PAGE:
Donald Trump will enter the White House with a network of unorthodox foreign contacts — some of them high-living risk-takers, some with past trouble with the law — who have done business with him in nations from Latin America to the Middle East to Asia.
Several of Trump’s foreign business partners have been investigated for financial improprieties, and some of them were required to pay large fines or settlements. Others were relatively inexperienced local developers who had major economic problems with their risky, Trump-branded mega-projects. Trump has also worked with businessmen with close connections to authoritarian governments.
Ethics lawyers have raised concerns about whether some of the Trump family’s overseas alliances could raise conflicts of interest for the incoming president or tie the White House to questionable characters.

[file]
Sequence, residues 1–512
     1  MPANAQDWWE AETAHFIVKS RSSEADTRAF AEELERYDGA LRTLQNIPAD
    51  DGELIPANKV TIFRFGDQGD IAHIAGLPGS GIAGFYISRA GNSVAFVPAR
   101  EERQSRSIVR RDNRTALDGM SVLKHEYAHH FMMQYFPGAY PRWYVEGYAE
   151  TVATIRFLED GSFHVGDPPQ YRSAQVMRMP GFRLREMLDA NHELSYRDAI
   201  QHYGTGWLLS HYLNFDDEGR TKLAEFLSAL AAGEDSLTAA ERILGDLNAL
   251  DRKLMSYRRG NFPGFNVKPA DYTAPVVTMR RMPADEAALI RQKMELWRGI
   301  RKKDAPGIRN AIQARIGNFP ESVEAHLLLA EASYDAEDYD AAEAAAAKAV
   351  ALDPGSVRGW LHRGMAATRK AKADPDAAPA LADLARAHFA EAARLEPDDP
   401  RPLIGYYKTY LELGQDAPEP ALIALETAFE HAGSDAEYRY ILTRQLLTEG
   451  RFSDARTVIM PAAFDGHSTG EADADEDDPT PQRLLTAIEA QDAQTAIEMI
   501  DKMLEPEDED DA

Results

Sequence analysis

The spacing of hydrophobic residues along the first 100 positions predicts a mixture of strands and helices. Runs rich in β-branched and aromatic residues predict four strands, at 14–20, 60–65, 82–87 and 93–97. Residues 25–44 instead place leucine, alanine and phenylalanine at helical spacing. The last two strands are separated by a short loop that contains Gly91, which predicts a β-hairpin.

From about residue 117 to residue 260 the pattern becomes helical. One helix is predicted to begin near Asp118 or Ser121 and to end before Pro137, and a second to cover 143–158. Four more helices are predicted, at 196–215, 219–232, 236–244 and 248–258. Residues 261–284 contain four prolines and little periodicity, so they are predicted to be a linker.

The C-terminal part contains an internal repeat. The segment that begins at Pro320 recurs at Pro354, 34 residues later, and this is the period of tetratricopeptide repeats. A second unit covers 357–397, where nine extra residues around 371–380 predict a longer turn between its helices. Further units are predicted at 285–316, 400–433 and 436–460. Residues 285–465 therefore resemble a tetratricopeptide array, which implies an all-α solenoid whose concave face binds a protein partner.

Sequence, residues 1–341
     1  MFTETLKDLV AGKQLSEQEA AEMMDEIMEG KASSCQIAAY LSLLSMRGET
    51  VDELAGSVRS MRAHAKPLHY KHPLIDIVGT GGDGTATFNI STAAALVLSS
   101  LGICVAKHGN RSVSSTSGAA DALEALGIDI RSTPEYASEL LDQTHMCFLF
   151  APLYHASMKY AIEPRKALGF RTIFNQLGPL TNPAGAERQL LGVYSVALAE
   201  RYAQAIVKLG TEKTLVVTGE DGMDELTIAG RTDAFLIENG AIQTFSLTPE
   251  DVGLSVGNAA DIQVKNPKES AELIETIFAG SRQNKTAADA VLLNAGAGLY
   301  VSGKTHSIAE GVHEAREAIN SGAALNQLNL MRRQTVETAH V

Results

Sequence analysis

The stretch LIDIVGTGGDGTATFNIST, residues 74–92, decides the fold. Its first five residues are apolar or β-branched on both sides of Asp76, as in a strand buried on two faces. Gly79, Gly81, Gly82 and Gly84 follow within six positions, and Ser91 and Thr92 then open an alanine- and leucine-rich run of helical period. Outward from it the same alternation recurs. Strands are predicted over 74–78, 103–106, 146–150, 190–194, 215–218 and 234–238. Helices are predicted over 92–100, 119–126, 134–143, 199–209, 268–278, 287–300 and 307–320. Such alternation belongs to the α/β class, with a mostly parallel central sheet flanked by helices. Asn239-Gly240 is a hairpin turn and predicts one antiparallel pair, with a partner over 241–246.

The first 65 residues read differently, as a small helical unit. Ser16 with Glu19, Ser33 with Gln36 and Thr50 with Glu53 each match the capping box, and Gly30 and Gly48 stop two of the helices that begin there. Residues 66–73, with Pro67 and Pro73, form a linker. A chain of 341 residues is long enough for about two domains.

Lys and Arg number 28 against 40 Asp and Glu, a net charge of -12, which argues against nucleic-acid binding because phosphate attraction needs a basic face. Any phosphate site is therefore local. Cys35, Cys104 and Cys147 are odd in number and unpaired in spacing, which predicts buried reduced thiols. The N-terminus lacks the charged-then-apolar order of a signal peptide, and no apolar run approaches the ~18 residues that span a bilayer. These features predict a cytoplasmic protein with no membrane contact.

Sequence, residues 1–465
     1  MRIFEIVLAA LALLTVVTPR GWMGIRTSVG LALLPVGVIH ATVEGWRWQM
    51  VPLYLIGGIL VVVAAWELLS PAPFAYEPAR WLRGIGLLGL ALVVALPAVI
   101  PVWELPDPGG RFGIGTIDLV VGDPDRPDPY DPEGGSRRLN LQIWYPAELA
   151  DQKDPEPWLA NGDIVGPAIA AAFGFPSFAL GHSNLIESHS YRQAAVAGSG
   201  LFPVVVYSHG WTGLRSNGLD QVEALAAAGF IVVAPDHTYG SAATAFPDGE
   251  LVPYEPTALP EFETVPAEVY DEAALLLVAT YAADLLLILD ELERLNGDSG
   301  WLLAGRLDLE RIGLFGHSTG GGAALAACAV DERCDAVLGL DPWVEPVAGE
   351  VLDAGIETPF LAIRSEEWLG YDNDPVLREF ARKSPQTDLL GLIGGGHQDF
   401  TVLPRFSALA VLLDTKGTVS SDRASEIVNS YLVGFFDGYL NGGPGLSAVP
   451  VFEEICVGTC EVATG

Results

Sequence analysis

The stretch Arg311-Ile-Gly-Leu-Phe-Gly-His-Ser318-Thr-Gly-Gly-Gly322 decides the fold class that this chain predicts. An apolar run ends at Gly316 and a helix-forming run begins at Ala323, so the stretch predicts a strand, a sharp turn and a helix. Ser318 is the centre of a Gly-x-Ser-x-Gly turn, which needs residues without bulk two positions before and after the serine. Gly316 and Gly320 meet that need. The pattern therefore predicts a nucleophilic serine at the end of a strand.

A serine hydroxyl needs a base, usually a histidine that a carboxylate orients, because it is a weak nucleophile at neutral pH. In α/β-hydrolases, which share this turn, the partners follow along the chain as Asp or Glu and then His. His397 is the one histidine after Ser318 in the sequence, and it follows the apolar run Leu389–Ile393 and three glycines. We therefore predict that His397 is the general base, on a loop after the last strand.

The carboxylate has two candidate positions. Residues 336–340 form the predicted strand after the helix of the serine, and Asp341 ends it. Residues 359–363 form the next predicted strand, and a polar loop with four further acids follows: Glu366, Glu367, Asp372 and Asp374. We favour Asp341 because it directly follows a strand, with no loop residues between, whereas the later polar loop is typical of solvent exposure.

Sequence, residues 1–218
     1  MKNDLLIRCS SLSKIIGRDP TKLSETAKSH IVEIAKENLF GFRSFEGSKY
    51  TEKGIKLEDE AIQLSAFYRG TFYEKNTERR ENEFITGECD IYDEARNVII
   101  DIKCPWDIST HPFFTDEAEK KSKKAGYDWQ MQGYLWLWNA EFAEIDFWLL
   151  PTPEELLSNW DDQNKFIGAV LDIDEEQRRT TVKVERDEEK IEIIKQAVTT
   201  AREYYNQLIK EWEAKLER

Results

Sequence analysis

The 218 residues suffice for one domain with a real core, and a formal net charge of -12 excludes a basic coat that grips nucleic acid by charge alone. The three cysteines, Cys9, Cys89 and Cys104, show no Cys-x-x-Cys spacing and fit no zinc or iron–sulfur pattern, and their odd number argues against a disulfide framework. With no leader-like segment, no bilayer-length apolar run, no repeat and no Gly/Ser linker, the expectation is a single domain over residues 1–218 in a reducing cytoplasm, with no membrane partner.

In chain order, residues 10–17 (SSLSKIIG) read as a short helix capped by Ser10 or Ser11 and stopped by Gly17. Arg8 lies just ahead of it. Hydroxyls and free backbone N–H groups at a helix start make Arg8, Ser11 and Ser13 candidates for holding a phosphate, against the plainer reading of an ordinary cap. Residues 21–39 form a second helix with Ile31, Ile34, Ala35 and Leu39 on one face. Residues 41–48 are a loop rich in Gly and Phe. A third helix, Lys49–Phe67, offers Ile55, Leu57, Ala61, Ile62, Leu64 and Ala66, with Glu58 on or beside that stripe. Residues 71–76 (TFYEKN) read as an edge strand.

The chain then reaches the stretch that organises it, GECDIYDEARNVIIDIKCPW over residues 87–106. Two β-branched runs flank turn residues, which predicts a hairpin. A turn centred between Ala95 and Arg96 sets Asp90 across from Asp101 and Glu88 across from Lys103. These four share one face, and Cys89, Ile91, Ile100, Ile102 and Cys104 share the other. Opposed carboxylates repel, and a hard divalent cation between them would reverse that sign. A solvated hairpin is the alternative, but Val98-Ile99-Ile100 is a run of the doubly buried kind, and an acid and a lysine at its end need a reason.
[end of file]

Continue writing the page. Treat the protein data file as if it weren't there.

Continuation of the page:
“A businessman can deal with these types of businesspeople and hopefully be smart enough not to get sucked in or be taken advantage of,” said Richard Painter, chief White House ethics lawyer under President George W. Bush and a vocal critic of Trump. “But when you move into public service as president of the United States, these are exactly the types of business entanglements you have to dispose of.”
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